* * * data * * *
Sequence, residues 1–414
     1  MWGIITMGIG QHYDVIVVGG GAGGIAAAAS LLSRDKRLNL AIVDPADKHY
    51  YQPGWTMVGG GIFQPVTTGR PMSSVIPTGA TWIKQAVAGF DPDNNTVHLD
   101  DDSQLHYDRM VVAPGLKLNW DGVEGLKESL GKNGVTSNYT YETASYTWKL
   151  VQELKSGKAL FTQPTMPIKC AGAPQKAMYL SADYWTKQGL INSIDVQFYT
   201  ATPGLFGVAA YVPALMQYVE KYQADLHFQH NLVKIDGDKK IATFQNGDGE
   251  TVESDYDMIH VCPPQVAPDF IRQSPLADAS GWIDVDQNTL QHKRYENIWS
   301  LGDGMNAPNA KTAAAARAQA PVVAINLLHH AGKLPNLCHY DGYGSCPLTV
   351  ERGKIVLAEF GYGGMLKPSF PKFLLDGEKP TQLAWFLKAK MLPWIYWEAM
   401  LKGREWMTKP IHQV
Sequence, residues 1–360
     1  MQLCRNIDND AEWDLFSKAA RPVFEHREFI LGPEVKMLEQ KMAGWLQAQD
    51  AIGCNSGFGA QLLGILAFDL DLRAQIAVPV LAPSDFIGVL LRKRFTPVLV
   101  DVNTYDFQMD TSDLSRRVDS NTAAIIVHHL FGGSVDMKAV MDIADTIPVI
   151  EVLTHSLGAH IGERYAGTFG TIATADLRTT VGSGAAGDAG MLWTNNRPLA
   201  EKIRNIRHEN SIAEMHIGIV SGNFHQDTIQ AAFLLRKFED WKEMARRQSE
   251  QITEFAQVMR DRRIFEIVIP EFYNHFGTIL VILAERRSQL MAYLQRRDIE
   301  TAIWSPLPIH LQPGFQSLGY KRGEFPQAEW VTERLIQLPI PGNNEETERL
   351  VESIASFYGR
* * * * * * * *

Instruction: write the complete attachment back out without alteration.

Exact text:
Sequence, residues 1–414
     1  MWGIITMGIG QHYDVIVVGG GAGGIAAAAS LLSRDKRLNL AIVDPADKHY
    51  YQPGWTMVGG GIFQPVTTGR PMSSVIPTGA TWIKQAVAGF DPDNNTVHLD
   101  DDSQLHYDRM VVAPGLKLNW DGVEGLKESL GKNGVTSNYT YETASYTWKL
   151  VQELKSGKAL FTQPTMPIKC AGAPQKAMYL SADYWTKQGL INSIDVQFYT
   201  ATPGLFGVAA YVPALMQYVE KYQADLHFQH NLVKIDGDKK IATFQNGDGE
   251  TVESDYDMIH VCPPQVAPDF IRQSPLADAS GWIDVDQNTL QHKRYENIWS
   301  LGDGMNAPNA KTAAAARAQA PVVAINLLHH AGKLPNLCHY DGYGSCPLTV
   351  ERGKIVLAEF GYGGMLKPSF PKFLLDGEKP TQLAWFLKAK MLPWIYWEAM
   401  LKGREWMTKP IHQV
Sequence, residues 1–360
     1  MQLCRNIDND AEWDLFSKAA RPVFEHREFI LGPEVKMLEQ KMAGWLQAQD
    51  AIGCNSGFGA QLLGILAFDL DLRAQIAVPV LAPSDFIGVL LRKRFTPVLV
   101  DVNTYDFQMD TSDLSRRVDS NTAAIIVHHL FGGSVDMKAV MDIADTIPVI
   151  EVLTHSLGAH IGERYAGTFG TIATADLRTT VGSGAAGDAG MLWTNNRPLA
   201  EKIRNIRHEN SIAEMHIGIV SGNFHQDTIQ AAFLLRKFED WKEMARRQSE
   251  QITEFAQVMR DRRIFEIVIP EFYNHFGTIL VILAERRSQL MAYLQRRDIE
   301  TAIWSPLPIH LQPGFQSLGY KRGEFPQAEW VTERLIQLPI PGNNEETERL
   351  VESIASFYGR